Amy Hixon

Assistant Professor, Civil and Environmental Engineering and Earth Sciences

DOE Early Career: "Understanding the Chemical Complexity of MultiComponent Systems:  Uranium Polyoxometalates as Nanosorbents"


The actinide series consists of the fifteen elements with atomic numbers 89‐103 (i.e., actinium through lawrencium) and carries great societal importance due to the elements’ use in medicine, power generation, national security, and nuclear waste management. Due to the complex nature of the actinide elements and the relative difficulty of working with radioactive materials, research in actinide chemistry has lagged far behind that of most other elements on the periodic table. To address current knowledge gaps, this research will study the chemistry of the actinide elements uranium, neptunium, plutonium, and americium. The thermodynamics and kinetics of the interactions of neptunium, plutonium, and americium with nanometer‐sized uranyl peroxide cage clusters will be used to describe bonding and structure (i.e., how electrons are shared in these unique complexes). This research represents the first study that uses actinide materials as nanosorbents for other actinide elements. The well‐defined structure of the uranyl peroxide cage cluster allows it to serve as an experimental model for other metal oxide surfaces.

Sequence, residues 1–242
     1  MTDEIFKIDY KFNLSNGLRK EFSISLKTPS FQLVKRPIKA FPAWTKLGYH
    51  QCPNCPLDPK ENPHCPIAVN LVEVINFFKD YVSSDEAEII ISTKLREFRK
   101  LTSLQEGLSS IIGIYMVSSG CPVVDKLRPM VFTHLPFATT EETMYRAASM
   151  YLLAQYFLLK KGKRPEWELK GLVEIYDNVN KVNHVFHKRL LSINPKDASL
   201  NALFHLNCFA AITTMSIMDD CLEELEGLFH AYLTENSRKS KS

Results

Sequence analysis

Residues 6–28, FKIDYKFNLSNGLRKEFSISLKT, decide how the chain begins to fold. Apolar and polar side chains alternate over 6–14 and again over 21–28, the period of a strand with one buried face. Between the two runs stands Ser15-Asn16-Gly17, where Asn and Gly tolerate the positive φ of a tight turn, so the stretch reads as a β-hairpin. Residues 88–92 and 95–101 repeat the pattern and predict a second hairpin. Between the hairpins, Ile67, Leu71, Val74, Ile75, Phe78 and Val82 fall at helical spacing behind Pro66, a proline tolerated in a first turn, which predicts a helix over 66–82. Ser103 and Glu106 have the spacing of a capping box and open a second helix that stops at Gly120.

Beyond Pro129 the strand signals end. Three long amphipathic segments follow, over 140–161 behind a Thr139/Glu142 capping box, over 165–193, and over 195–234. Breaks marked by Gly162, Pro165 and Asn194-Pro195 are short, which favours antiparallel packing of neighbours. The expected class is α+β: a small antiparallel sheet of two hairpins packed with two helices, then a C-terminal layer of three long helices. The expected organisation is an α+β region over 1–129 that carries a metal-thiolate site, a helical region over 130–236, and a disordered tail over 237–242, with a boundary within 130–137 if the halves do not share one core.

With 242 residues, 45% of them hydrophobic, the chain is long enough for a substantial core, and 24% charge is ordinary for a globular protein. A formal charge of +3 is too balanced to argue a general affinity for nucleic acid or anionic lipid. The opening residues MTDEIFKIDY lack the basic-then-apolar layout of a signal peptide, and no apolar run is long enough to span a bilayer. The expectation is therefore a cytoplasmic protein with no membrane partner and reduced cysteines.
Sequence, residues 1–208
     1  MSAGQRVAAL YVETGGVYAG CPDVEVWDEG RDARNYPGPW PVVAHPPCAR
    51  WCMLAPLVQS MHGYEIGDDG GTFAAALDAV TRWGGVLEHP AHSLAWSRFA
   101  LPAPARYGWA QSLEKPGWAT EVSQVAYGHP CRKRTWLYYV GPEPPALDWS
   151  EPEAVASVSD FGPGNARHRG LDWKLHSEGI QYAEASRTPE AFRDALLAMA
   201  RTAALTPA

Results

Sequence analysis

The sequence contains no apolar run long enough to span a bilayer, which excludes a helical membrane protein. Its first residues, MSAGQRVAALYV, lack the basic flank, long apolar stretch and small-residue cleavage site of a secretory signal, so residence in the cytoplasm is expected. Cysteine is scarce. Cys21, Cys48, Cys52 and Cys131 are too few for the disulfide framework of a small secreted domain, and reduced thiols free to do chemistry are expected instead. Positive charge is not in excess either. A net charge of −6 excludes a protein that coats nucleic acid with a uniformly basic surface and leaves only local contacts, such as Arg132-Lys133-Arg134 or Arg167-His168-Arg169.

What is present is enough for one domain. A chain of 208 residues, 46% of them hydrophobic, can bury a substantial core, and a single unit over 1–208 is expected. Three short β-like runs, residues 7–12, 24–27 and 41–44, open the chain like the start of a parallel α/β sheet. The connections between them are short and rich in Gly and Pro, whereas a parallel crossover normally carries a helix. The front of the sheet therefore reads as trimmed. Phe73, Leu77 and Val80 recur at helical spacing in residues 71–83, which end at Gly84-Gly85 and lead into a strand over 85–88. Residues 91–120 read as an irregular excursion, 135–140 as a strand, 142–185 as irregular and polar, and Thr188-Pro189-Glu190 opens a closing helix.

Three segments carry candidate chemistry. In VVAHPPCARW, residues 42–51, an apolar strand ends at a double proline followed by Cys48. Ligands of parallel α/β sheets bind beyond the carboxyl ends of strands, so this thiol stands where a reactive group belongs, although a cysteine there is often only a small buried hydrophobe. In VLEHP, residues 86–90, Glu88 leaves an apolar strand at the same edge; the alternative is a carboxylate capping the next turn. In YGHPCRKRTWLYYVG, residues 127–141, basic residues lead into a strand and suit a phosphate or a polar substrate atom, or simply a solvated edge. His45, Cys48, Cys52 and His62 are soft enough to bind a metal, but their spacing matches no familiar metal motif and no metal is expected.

Research in the Hixon group focuses on several aspects of transuranic (e.g., neptunium, plutonium, americium) chemistry, such as aqueous environmental geochemistry, environmental fate and transport, and aspects of national security. The Hixon group uses a variety of wet chemical, instrumental, and modeling techniques to study the transuranic elements across spatial and temporal scales and to predict their behavior in both natural and engineered systems. These elements pose a long-term environmental concern due to their toxicity and long half-lives. Therefore, this research is important to protect public health and safety, protect the environment, promote national defense and security, and support a sustainable nuclear fuel cycle.

Professor Hixon received her Ph.D. and M.S. degrees in Environmental Engineering & Earth Science from Clemson University in 2013 and 2008, respectively and her B.S. degree in Chemistry from Radford University in 2006. While a doctoral candidate at Clemson University, she also held a position at the U.S. Nuclear Regulatory Commission in the Office of Federal and State Materials and Environmental Management Programs, where she supported the work of the Performance Assessment and Environmental Review branches.  She is currently a member of the Health Physics Society, the American Chemical Society, and Sigma Xi.